Heidi continues; “Whether dominance versus submission, slave versus master, or pain versus pleasure; they both need to be present. They exist in both a shocking and dramatic polar opposition. The chateau is a nondescript, private home, situated on an avenue near the park, yet it holds dark secrets and screams deep inside its belly. Rene is cruel, yet loving. Sir Stephen is brutal, yet gentle. O is willingly possessed, yet filled with a deep desire for love. For Rene, she will do anything to please him, as to please him is to know that she is loved by him. His preference was for her to submit, and her submission was solely for the sake of her lover, Rene. Reage, one might suppose, takes ‘re-gifting’ to an extreme as O’s gift of her body becomes Rene’s gift to the men at the chateau.”

Story of O seems forever on the edge of our culture and publishers were quick to remind the general reader of its existence in the wake of the hugely successful Fifty Shades of GreyFifteen years ago readers in Norway had a full awareness of the book’s existence. The Times of August 2003 announced,

The Bookseller noted that the most stolen book in Norwegian bookshops was The Story of O – to the extent that the publishers have now put a band around it saying, “NORWAY’S MOST STOLEN BOOK!“…”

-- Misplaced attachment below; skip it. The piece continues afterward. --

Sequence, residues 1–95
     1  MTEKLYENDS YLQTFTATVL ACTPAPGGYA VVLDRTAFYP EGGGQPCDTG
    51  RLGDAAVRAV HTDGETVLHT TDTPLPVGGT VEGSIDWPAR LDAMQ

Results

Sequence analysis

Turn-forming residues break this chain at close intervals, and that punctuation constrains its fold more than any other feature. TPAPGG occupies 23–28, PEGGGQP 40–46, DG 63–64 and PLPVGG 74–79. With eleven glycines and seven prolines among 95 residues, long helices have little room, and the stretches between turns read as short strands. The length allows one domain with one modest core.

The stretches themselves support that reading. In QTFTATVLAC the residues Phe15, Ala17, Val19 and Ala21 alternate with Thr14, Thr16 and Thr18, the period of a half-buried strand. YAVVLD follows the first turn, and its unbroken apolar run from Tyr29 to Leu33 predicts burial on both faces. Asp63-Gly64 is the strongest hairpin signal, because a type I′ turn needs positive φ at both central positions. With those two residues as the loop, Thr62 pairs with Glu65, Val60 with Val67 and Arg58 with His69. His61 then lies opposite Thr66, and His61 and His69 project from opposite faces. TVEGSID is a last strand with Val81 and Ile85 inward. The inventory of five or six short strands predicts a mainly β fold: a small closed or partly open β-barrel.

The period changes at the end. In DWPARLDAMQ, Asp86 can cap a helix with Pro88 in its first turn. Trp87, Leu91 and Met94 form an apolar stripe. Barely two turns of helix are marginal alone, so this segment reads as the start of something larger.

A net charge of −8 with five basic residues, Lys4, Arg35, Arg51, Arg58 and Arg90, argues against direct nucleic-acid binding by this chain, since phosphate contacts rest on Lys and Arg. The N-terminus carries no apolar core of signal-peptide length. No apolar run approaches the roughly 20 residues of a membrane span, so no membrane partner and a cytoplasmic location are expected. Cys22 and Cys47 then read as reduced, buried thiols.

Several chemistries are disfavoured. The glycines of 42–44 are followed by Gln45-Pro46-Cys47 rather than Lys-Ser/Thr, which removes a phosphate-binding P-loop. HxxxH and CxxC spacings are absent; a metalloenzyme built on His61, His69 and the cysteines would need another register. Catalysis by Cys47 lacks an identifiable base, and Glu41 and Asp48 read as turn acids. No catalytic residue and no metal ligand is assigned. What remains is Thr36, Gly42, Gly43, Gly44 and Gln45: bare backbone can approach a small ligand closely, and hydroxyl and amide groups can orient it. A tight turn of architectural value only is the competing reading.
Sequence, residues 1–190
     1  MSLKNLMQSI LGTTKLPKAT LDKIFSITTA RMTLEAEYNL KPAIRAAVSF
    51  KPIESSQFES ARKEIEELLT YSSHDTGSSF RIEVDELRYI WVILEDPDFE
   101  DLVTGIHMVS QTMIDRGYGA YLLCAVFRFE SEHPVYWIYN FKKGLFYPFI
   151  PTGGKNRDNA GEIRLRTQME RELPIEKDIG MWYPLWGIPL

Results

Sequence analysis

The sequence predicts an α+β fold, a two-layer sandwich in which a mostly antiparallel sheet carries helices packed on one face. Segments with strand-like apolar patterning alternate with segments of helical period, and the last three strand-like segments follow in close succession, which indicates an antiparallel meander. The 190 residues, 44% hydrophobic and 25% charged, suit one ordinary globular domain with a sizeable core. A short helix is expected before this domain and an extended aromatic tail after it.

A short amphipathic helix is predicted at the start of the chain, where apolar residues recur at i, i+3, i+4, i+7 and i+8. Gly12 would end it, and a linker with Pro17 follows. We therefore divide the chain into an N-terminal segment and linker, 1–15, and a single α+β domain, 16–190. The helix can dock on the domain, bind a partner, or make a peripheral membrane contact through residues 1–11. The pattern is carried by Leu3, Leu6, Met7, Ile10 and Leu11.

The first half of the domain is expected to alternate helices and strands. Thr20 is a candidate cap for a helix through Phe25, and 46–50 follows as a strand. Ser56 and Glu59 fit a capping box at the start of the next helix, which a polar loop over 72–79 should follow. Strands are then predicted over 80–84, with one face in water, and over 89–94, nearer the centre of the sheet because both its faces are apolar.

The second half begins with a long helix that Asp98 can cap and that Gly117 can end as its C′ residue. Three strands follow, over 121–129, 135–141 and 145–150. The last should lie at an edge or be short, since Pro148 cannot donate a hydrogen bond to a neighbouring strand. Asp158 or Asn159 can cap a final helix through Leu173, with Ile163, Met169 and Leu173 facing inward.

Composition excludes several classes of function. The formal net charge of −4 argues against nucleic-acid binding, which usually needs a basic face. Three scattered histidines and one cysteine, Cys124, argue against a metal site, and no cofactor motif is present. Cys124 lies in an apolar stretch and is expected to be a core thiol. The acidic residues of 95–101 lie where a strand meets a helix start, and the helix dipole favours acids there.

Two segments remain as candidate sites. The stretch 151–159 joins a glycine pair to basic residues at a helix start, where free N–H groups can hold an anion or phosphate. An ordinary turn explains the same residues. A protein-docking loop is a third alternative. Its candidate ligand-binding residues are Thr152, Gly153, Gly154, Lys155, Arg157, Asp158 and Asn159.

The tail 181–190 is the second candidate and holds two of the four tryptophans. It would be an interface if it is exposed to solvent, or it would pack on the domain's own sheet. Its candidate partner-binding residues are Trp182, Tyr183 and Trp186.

Story of O even got a shout out in Frasier. There’s an episode of Frasier in which the character Roz Doyle  comes to a Halloween party as O from Story of O. Nobody gets it, – she reveals;

“I’m ‘O’ from the Story of O6yjM1Vk


… “it’s gonna be a long night”

I am reminded Story of O also crops up in François Ozon ‘s motion picture 5×2 (2004). A yellow paperback is surreptitiously drawn from a packing box by Marion (Valeria BruniTedeschi) and leafed through briefly by herself and then by her husband, both sitting on the floor of their empty apartment. The book is, of course, Histoire d’O and forms a momentary, but unconsummated, opportunity for reconciliation. The next scene takes place in the divorce lawyer’s office.